But if you want to go back a little further, you might consider a trip to the Museum of Selfies, which will open in Glendale on April 1.
The selfie, the museum claims, actually has “roots dating back 40,000 years.” And for $25, the museum “promises to share the unseen depths and history” of the cultural phenomenon.
“Whether you love them or hate them,” the museum’s website says, “you won’t see selfies the same way again.”
What can you do there, you ask? Among other things, the museum says you can take “really cool” photos.
But … wasn’t that what was the Museum of Ice Cream was for?
California Today goes live at 6 a.m. Pacific time weekdays. Tell us what you want to see: CAtoday@nytimes.com.
California Today is edited by Julie Bloom, who grew up in Los Angeles and graduated from U.C. Berkeley.Continue reading the main story
Walkout is a 2006HBOfilm based on a true story of the 1968 East L.A. walkouts. It premiered March 18, 2006 on HBO. Starring Alexa Vega, Efren Ramirez and Michael Peña, the film was directed by Edward James Olmos. Moctezuma Esparza, one of the students who was involved in the walkouts, was the film's executive producer and many of the actors playing parents in the film were also protesters.
High school student Paula Crisostomo (played by Alexa Vega), is tired of being treated unequally. She meets a group of student activists from around East Los Angeles and they decide to try to change the way students are treated. They are punished for speaking Spanish in school, their bathrooms are locked during lunch, they are forced to do janitorial work as a punishment and many in the high school administrations actively dissuade the less promising students from attending college. Inspired by her Chicano teacher Sal Castro (Michael Peña) and despite opposition from her father (Yancey Arias), Paula joins in and helps hand out surveys to students to suggest improvements to the schools. Each East LA high school has two or three students who are in the group; Paula particularly becomes interested in Robert (Jeremy Ray Valdez).
However, the school board refuses to consider the suggestions so Paula urges the students to walk out of school. The police find out and the principal threatens to expel Paula if she walks out. Paula's father urges against her plan of "walking out." He believes that the group is a bunch of "agitators." Five East LA schools successfully walk out and the school board says they might consider their demands, but Paula's father throws her out of the house for her role in the walkout.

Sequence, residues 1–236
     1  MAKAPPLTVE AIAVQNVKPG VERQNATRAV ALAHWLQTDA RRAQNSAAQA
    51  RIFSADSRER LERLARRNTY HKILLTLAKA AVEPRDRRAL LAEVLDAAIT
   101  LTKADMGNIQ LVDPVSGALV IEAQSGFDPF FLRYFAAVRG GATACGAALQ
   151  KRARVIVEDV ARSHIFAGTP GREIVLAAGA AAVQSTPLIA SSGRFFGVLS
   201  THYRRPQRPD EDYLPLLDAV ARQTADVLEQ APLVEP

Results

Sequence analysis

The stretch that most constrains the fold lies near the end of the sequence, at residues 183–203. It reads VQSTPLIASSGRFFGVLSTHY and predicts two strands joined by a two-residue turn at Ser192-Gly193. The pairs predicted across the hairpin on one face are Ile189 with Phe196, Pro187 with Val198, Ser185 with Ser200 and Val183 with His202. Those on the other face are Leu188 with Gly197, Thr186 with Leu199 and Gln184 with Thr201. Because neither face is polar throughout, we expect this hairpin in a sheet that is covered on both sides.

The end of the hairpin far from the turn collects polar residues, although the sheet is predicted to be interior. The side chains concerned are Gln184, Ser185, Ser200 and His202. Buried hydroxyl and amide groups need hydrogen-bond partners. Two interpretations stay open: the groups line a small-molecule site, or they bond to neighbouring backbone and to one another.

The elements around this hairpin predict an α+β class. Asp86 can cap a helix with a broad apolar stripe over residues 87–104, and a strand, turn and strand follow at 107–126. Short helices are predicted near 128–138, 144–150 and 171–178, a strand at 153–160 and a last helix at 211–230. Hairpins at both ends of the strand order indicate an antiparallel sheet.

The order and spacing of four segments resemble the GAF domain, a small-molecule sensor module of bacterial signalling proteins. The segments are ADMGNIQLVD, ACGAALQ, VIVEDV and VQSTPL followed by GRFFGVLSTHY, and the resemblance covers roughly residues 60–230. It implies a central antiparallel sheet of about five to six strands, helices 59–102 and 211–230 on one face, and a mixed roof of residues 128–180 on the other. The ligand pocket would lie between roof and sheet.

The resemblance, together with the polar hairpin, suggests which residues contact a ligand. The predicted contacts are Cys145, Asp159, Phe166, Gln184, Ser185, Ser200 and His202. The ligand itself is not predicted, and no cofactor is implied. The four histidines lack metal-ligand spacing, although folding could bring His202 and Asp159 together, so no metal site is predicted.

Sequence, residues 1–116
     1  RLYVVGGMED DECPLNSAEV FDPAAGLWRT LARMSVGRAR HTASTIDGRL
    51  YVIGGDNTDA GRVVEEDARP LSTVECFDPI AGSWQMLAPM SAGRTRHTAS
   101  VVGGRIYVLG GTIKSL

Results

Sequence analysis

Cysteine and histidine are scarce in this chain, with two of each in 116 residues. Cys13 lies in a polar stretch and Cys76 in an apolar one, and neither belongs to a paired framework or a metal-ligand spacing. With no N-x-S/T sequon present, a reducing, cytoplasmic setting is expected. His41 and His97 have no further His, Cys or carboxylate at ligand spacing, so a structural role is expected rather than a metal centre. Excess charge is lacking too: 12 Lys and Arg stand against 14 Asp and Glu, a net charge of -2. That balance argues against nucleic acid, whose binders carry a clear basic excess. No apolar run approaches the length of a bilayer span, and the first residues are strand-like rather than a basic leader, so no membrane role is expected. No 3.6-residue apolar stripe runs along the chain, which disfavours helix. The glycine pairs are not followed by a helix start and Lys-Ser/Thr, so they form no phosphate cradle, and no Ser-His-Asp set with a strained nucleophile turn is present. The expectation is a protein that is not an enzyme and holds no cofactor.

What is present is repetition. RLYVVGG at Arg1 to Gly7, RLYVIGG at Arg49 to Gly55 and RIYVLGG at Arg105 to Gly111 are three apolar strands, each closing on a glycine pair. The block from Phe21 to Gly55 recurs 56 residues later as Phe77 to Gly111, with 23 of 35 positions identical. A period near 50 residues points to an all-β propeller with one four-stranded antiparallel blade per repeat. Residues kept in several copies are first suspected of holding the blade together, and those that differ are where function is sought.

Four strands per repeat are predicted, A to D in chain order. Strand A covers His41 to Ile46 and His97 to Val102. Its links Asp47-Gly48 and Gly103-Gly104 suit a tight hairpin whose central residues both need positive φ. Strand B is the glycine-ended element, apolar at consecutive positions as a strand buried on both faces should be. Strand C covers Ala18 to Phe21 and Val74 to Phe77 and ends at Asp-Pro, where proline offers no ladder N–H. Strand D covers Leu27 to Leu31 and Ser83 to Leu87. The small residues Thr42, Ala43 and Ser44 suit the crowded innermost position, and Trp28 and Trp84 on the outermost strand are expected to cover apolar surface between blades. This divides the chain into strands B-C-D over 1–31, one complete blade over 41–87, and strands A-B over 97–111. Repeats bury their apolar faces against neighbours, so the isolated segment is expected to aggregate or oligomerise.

The students decide to walk out in only half of the schools the next day, but the police arrest and beat the protesters. None of the footage appears on the news and the students are painted as violent agitators with Communist ties. Paula decides to invite the students' families to the protests, hoping their presence will deter police brutality.
When the students walk out again their families come to support them and it appears that they have won because the school board agrees to hear their complaints. Paula invites Robert to prom, but while she is getting ready the police suddenly arrest 12 of the leaders of the student movement. When Paula goes to Sal for advice she discovers that Robert (who is an undercover LAPD officer) has arrested him. The students are charged with conspiracy to disrupt a school with a maximum penalty of 66 years. Paula is defeated, but her father urges her not to give up and she helps to stage a massive protest outside the jail. Robert is on duty there and tries to stop her, but she continues leading the crowd until all 12 students and Sal are released.
A month after the film first aired, 2,500 Colorado students initiated a walkout of Denver schools to protest H.R. 4437, known as the "Sensenbrenner Bill." This House bill would have made it a felony (rather than a misdemeanor) to be in the US illegally. The bill was the catalyst for the 2006 U.S. immigration reform protests. Other student Walk Out protests in May 2006 were in part inspired by the film.